If you need 32bit, you will understand the difference - usually applications are for extreme precision of numbers, color video or large storage devices.

    There was a time I would have declared 4GB of RAM to be exceesively huge and never would anyone every want more. Hell, even a 4 GB file seemed insanely huge, one would never want to have the whole thing in main memory all at once. But things change, RAM speeds - 128/256 bit wide buses - are such now that massaging such huge volumes of data is a walk in the park. Addressing range beyond the 32 bit limit is suddenly useful.
    Respect is earned, only the insane demand loyalty.
  • potatoheadpotatohead Posts: 7,020
    edited February 2013 Vote Up0Vote Down
    Heh...

    My workhorse machine has 12GB RAM, and I'm going to double that this year. I run virtual machines that typically will eat up 2GB or so, but the big data hog is just large data sets. CAD models are impressive these days and there is always a call for more RAM. 64 bit computing was adopted early and easily by people doing this work. Simulation is another data hog. Those guys take all the RAM they can get. 64GB machines are common. GM specs a very high end nVidia Quadro graphics engine, 64 bit OS (Linux / Windows) and 24GB just to start.
    Do not taunt Happy Fun Ball! @opengeekorg ---> Be Excellent To One Another SKYPE = acuity_doug
    Parallax colors simplified: http://forums.parallax.com/showthread.php?123709-Commented-Graphics_Demo.spin<br>
  • evanhevanh Posts: 2,023
    edited February 2013 Vote Up0Vote Down
    kwinn wrote: »
    AFAIK the de-facto standard is now: 8 bits - byte, 16 bits - word, 32 bits - long, 64 bits dlong (double long). This is what I see most often in the literature.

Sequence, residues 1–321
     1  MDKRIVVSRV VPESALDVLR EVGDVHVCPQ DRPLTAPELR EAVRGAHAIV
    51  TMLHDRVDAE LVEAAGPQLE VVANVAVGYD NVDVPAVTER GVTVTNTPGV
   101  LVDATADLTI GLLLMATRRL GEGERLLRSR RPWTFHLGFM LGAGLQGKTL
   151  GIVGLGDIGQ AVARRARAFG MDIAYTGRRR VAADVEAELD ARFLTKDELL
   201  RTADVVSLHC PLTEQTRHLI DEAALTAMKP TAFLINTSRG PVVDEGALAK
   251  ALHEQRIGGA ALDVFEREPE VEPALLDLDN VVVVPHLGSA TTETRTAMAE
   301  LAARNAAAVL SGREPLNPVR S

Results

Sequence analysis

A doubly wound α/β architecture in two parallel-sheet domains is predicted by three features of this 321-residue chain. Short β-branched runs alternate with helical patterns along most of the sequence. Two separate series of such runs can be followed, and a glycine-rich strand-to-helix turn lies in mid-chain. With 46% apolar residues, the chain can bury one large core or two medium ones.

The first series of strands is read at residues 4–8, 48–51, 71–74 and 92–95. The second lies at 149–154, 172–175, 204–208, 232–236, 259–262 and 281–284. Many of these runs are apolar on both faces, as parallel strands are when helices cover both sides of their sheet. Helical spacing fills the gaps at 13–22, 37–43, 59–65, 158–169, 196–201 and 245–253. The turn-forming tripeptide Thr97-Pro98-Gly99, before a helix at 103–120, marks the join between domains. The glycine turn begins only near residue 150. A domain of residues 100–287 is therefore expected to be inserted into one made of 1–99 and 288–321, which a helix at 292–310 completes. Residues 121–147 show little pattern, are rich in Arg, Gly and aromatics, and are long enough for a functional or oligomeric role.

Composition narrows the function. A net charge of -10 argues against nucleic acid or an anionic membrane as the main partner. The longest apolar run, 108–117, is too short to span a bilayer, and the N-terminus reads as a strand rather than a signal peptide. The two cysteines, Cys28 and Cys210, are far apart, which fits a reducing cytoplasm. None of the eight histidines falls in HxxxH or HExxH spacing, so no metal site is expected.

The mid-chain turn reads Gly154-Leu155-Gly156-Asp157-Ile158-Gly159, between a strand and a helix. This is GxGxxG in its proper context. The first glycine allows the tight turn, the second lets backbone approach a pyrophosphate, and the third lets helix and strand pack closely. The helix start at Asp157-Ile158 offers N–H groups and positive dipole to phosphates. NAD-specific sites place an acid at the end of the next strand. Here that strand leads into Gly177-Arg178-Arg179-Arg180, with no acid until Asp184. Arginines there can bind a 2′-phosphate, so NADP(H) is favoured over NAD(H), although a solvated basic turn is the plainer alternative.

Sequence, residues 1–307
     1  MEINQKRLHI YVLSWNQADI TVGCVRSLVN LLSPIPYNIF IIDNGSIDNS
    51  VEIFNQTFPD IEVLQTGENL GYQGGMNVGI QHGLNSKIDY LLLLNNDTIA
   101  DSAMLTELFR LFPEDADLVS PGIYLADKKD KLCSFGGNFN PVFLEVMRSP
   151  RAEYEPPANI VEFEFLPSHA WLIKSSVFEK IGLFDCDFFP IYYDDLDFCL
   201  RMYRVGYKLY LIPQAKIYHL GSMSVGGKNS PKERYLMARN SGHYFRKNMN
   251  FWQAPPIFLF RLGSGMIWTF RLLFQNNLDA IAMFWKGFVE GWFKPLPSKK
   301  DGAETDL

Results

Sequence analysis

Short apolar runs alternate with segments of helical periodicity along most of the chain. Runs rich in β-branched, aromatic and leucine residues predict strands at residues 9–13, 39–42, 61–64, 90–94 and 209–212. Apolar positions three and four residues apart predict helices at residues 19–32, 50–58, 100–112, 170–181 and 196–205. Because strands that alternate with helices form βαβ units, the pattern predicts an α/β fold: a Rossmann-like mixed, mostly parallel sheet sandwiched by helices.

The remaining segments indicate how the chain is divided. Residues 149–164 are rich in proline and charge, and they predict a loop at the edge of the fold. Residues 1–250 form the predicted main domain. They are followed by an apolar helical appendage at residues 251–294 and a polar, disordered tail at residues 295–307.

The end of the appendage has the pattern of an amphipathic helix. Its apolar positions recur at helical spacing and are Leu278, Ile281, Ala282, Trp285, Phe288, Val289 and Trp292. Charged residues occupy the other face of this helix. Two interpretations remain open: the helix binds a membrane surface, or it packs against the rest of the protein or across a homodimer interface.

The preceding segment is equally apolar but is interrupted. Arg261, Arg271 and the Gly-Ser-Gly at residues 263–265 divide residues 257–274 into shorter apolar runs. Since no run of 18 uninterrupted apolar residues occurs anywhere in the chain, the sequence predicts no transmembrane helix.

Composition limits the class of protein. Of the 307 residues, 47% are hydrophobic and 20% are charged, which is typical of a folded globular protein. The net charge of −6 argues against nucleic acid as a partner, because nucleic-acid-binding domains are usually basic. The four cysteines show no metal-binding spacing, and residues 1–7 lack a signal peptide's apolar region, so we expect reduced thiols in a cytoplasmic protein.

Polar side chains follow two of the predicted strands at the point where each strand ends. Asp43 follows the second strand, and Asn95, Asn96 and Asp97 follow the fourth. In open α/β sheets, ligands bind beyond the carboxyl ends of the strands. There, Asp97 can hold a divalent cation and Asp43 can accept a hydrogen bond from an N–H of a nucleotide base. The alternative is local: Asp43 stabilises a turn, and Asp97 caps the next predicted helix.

Long is a C term that has no defined size. PC weanies may have borrowed it but there is a distinct conflict given the broad usage of C.

    Word is a hardware engineering term that, like long, is dependant on the design/architecture for it's size. Word size can also be very dynamic in that it can be context driven, ie: The data path point of focus can be referred to as the word size. This occurs particularly in mixed signal conversions.

    Again, because of the broad utilisation of digital hardware in the various computing industries there is many conflicts when reusing such a term.
    Respect is earned, only the insane demand loyalty.
  • kwinnkwinn Posts: 5,887
    edited February 2013 Vote Up0Vote Down
    Valid points, which is why I said de-facto standard. I have worked with 5 bit character codes, 6, 7, 8, and 9 bit bytes, 12, 14, 16, and 18 bit words, 24, 28, 32, and 36 bit longs as well as a few other oddball data and address sizes over the years. Even worked with a 4 bit nibble (nybble?) processor at one point. Some were mini or microcomputer systems, and some were custom processors built into instruments using 7400 series TTL chips. At the present time when someone says byte, word, or long I assume 8, 16, or 32 bits unless they specify something else, and I think most people do the same.
    In science there is no authority. There is only experiment.
  • Loopy BytelooseLoopy Byteloose Posts: 11,837
    edited February 2013 Vote Up0Vote Down
    I suspect if you investigated what people really were using, you would get a statistical bell curve with a center somewhere between 16 bit and 32 bit.